One of the things a metrics system does is handle state for you
Over on Mastodon, I said:
Belated obvious realization: using a metrics system for alerts instead of hand-rolled checks means that you can outsource handling state to your metrics systems and everything else can be stateless. Want to only alert after a condition has been true for an hour? Your 'check the condition' script doesn't have to worry about that; you can leave it to the metrics system.
This sounds abstract, so let me make it concrete. We have some self serve registration portals that work on configuration files that are automatically checked into RCS every time the self-serve systems do something. As a safety measure, the automated system refuses to do anything if the file is either locked or has uncommitted changes; if it touches the file, it might collide with other things being done to it. These files can also be hand-edited, for example to remove an entry, and when we do this we don't always remember that we have to commit the file.
(Or we may be distracted, because we are trying to work fast to lock a compromised account as soon as possible.)
Recently, I was planning out how to detect this situation and send out alerts for it. Given that we have a Prometheus based metrics and alerting system, one approach is to have a hand rolled script that generates an 'all is good' or 'we have problems' metric, feed that into Prometheus, let Prometheus grind it through all of the gears of alert rules and so on, and wind up with Alertmanager sending us email. But this seems like a lot of extra work just to send email, and it requires a new alert rule, and so on. Using Prometheus also constrains what additional information we can put in the alert email, because we have to squeeze it all through the narrow channel of Prometheus metrics, the information that an alert rule has readily available, and so on. At first blush, it seemed simpler to just have the hand rolled checking script send the email itself, which would also let the email message be completely specific and informative.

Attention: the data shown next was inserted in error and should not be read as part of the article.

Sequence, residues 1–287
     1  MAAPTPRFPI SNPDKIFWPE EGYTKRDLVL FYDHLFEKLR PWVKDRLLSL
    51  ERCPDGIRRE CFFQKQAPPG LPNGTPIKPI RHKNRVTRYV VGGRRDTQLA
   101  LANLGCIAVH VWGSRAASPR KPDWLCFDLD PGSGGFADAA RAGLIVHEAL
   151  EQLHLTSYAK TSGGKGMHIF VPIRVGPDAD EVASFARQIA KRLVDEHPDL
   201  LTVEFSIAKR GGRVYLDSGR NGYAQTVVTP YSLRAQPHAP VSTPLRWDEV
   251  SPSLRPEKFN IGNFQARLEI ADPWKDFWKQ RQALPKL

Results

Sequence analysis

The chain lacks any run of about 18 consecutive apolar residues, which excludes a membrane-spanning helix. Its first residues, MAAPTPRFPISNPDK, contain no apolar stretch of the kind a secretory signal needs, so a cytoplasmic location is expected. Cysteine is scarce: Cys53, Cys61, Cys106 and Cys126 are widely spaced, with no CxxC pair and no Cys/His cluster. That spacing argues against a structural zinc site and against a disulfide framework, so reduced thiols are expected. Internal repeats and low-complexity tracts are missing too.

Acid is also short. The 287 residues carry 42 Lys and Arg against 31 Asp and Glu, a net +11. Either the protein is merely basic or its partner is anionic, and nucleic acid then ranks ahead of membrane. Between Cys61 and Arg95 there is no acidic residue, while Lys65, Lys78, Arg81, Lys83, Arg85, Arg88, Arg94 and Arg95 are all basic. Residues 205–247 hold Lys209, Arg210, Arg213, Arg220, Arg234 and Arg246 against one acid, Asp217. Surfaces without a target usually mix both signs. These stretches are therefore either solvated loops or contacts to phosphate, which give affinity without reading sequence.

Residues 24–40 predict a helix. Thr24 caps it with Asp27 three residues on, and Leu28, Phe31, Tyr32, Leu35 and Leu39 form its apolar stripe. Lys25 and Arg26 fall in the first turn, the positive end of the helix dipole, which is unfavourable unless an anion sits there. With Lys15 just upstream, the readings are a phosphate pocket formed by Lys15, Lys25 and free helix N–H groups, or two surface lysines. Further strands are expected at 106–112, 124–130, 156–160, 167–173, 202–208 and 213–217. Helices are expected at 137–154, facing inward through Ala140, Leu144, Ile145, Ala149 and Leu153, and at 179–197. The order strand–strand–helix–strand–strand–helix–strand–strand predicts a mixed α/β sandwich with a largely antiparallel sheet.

But then I started thinking about that in more detail. We don't want the script to be hair trigger, because it might run while we were in the middle of editing things (or the automated system was making a change); we need to wait a bit to make sure the problem is real. We also don't want to send repeat emails all the time, because it's not that critical (the self-serve registration portals aren't used very frequently). Handling all of this requires state, and that means something has to handle that state. You can handle state in scripts, but it gets complicated. The more I thought about it, the more attractive it was to let Prometheus handle all of that; it already has good mechanisms for 'only trigger an alert if it's been true for X amount of time' and 'only send email every so often' and so on, and it's worried about more corner cases than I have.
The great advantage of feeding 'we have a problem/we have no problem' indications into the grinding maw of Prometheus merely to have it eventually send us alert email is that the metrics system will handle state for us. The extra custom things that we need to write, our highly specific checks and so on, are spared from worrying about all of those issues, which makes them simpler and more straightforward. To use jargon, the metrics system has enabled a separation of concerns.
PS: This isn't specific to Prometheus. Any metrics and alerting system has robust general features to handle most or even all of these issues. And Prometheus itself is not perfect; for example, it's awkward at best to set up alerts that trigger only between certain times of the day or on certain days of the week.